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Giant Swarm Of Locusts From Middle East Now Threatening Kenya's Farms


Kenya is facing its worst locust invasion in seven decades. The locusts have found perfect conditions over the past two years as they have moved from the Middle East onto the African continent, where they are now threatening farmland. NPR's Eyder Peralta reports.


EYDER PERALTA, BYLINE: The swarms of locusts are massive. Some of them extend across miles of land. But finding them is not easy because at the moment, they are in one of Kenya's most remote regions. So we drive off-road up mountains.


PERALTA: We pass dry riverbeds, acacia trees and an occasional antelope. And then my interpreter notices flickers of yellow zooming past us. And the road ahead turns yellow.

I mean, we're literally driving on top of them. Aw, look at them right here. They're clumped up in, like - bunch of them. Whoa. They're just - oh, and not only that but, look; they're mating.

UNIDENTIFIED PERSON #1: And they're mating here.

PERALTA: They are mating.

Right now the locusts are in what is known as an upsurge. Driven by unusually rainy weather, normally solitary brown desert grasshoppers have turned bright yellow. High on serotonin, they have gone on a sex and eating binge.


PERALTA: Maybe I can put my microphone close to them and you might be able to hear sounds they are making with their legs as they mate, which I know is pretty gross.


PERALTA: These swarms of locusts have been forming for a year and a half. They started in the Middle East, and three rare cyclones have provided the rain they have needed to multiply and become the biggest infestation here in Kenya in 70 years. It could be devastating.

STANLEY KIPKOECH: These things can ravage everything.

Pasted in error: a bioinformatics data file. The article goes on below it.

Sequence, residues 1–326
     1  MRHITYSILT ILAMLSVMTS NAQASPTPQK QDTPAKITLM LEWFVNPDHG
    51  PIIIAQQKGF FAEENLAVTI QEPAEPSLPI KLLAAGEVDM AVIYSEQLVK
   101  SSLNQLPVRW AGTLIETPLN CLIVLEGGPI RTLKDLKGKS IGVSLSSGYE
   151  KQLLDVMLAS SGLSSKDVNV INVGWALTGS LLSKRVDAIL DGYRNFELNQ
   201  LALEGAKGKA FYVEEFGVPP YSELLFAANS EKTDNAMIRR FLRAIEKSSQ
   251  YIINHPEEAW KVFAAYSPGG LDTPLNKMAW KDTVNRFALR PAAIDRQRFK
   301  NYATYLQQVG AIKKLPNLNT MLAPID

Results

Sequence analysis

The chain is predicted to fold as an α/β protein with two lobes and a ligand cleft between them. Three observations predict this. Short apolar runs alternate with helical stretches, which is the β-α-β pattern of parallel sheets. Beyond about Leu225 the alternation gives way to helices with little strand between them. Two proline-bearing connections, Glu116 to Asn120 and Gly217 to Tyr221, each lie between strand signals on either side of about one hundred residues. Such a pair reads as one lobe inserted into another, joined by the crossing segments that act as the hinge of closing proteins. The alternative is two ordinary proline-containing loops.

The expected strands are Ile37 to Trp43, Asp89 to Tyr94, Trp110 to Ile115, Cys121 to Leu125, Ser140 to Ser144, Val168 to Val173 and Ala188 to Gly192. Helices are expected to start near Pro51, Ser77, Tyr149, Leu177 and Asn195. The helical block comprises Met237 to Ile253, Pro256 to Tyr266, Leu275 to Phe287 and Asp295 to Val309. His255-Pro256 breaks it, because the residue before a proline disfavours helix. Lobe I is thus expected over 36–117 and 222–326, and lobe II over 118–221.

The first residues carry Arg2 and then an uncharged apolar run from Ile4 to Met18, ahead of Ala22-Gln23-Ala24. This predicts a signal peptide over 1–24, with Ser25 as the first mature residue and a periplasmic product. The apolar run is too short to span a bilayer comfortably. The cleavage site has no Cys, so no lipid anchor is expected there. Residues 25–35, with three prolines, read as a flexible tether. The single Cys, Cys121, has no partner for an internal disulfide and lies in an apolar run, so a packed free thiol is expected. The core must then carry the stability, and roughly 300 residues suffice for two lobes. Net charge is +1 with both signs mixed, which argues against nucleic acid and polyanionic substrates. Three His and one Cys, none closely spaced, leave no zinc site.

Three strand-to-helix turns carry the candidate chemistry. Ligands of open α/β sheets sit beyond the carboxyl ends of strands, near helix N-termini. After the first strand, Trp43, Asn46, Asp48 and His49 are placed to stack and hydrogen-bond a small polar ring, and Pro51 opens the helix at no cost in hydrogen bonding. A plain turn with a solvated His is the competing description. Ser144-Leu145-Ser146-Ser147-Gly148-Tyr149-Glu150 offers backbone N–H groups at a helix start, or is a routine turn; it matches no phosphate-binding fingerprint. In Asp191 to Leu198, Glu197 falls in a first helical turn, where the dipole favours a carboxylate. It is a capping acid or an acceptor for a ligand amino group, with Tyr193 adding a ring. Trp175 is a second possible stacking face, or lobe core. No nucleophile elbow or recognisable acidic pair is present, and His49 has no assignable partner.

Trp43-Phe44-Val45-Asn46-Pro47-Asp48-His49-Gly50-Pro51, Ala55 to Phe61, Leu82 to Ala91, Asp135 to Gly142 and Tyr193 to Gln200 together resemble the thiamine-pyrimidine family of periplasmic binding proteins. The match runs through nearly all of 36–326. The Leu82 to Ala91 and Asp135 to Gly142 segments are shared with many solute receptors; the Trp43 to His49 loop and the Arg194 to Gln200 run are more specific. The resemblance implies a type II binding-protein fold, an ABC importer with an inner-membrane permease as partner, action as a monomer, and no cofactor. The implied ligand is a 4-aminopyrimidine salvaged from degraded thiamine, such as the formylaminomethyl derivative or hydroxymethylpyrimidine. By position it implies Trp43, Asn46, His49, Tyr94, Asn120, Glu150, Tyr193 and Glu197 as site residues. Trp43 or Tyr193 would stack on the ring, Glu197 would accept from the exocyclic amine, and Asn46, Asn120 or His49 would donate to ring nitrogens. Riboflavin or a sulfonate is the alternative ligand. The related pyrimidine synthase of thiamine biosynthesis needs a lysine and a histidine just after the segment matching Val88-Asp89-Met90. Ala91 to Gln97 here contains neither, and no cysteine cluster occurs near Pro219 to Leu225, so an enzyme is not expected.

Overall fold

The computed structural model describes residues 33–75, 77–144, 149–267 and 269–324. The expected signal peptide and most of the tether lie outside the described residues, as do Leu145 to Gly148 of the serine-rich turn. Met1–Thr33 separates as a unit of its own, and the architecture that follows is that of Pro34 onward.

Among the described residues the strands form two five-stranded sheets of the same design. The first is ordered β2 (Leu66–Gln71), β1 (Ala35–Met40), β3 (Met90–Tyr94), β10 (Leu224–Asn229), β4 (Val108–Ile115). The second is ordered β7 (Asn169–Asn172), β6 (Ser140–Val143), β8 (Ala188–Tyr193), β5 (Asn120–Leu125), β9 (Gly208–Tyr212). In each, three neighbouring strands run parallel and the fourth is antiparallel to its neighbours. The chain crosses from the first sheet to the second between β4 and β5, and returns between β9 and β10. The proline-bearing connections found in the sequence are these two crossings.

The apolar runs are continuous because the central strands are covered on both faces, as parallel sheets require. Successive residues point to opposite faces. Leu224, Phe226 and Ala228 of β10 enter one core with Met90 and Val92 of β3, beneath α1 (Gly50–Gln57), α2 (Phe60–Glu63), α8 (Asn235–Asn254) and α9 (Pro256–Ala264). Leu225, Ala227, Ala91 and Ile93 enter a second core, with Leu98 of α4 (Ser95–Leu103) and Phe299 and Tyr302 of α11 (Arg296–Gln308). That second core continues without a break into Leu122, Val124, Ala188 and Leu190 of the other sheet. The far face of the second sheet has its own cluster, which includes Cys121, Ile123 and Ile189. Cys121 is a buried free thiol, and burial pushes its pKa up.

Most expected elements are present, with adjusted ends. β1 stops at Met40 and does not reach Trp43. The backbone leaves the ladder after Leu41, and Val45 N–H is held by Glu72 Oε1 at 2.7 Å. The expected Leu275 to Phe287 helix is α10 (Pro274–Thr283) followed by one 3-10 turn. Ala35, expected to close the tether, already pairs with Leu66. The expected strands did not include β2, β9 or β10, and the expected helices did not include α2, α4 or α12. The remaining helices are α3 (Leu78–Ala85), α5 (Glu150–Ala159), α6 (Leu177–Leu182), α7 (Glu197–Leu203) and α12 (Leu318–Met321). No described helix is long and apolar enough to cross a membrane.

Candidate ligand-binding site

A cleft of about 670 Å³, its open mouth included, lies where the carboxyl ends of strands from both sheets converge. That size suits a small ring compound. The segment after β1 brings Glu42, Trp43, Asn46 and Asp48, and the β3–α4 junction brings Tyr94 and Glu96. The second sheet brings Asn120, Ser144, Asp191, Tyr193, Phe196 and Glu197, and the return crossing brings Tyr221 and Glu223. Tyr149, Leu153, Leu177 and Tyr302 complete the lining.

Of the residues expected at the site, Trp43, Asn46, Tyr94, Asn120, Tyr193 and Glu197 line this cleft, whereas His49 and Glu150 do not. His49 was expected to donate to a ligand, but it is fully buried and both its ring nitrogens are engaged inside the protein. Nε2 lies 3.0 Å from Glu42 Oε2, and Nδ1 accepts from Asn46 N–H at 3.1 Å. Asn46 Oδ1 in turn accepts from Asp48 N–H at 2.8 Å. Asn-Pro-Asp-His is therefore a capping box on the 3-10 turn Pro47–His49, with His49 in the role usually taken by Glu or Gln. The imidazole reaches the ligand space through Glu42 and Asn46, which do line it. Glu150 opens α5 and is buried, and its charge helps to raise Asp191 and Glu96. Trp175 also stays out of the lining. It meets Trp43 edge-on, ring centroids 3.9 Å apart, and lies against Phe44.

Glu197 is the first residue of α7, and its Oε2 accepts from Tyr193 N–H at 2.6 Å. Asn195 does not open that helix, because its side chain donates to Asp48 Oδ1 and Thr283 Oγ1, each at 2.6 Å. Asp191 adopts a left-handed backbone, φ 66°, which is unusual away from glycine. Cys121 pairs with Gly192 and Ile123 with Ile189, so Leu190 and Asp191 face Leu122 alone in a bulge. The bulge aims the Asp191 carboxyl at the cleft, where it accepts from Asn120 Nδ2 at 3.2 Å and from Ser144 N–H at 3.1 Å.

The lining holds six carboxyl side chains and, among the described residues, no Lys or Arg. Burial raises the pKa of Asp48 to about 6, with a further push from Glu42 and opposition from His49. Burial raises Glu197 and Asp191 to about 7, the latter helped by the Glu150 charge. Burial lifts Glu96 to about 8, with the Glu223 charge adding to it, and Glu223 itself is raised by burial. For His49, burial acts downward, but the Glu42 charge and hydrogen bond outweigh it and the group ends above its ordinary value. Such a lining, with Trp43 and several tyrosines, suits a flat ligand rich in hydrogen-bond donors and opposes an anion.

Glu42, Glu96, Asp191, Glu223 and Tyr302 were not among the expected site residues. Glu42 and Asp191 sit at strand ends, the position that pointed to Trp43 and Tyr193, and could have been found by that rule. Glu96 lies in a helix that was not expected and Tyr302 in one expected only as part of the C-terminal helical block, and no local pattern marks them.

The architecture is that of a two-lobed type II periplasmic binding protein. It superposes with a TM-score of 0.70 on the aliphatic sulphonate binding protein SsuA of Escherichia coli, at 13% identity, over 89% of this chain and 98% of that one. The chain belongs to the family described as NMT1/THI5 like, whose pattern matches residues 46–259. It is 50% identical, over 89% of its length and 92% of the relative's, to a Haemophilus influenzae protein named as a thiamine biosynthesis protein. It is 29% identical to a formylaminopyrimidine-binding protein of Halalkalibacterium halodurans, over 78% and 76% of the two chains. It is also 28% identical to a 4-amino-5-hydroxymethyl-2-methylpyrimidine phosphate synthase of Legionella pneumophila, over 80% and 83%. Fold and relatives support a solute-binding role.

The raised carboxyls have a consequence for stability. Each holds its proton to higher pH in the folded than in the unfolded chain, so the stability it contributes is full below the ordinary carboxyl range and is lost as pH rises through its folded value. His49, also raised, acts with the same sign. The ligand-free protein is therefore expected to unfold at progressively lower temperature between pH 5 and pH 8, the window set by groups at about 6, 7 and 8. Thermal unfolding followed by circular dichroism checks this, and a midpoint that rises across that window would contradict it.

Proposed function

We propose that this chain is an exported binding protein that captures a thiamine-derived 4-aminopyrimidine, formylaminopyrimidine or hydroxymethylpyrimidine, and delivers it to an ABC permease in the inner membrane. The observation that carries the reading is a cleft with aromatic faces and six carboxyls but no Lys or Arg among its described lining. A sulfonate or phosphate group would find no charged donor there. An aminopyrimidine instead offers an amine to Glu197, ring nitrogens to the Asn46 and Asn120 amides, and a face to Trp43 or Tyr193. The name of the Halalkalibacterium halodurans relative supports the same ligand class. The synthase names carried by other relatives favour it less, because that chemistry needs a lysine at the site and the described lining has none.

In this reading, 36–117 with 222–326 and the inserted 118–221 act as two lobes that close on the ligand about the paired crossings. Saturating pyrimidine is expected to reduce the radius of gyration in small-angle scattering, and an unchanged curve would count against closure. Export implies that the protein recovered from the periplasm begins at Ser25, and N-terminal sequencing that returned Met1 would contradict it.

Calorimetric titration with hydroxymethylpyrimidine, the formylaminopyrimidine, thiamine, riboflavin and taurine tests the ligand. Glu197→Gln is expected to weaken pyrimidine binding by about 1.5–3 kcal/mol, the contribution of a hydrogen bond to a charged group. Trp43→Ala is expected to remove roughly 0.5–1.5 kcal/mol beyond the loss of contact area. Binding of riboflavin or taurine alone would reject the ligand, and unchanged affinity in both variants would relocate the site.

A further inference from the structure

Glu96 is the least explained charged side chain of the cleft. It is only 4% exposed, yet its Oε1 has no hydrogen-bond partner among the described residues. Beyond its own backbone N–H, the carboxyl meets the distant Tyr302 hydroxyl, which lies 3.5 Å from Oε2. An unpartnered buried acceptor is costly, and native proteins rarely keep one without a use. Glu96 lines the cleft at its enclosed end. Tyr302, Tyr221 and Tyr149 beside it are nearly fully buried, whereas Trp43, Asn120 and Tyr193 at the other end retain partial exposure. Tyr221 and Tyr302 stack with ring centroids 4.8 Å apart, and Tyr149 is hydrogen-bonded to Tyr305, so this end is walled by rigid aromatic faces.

PERALTA: That is Stanley Kipkoech, who specializes in migratory pests for the Kenyan government.

KIPKOECH: Yes, because they are really - they eat basically every shrub, every tree. And they are in huge, huge numbers. We're talking about millions (ph).

PERALTA: Now the locusts are threatening Kenya's farms. And they've already eaten through some fields of khat, a leaf chewed as a stimulant.

KIPKOECH: And that is the worry, yeah. If now it goes to the highly populated areas, that will be the challenge, surely.

PERALTA: Back on the field, we stumble upon the homestead of a family of herders.


PERALTA: Some are playing drums at church. Others have taken their cows to find pasture. Susan Ngiru says one swarm flew right past their homes a few days ago.

SUSAN NGIRU: (Non-English language spoken).

UNIDENTIFIED PERSON #2: Yeah, they fear it because they were like clouds.

NGIRU: (Non-English language spoken).


UNIDENTIFIED PERSON #2: Yeah. So when they saw them, they think it was raining.

PERALTA: They had never seen anything like it. Everyone ran inside while the elders and morans, or the warriors, checked out the locusts. I ask her if part of this isn't intriguing. When you look closely, the locusts are even kind of beautiful.

NGIRU: (Non-English language spoken).

UNIDENTIFIED PERSON #2: They don't care about their beauty.

PERALTA: Right now, she says, their cows are having a tough time grazing because the government has been spraying pesticides from planes. There is no beauty in that, she says, so she just wants these pests gone.

Eyder Peralta, NPR News, Samburu County, Kenya.

(SOUNDBITE OF MUSIC) Transcript provided by NPR, Copyright NPR.

Eyder Peralta is NPR's East Africa correspondent based in Nairobi, Kenya.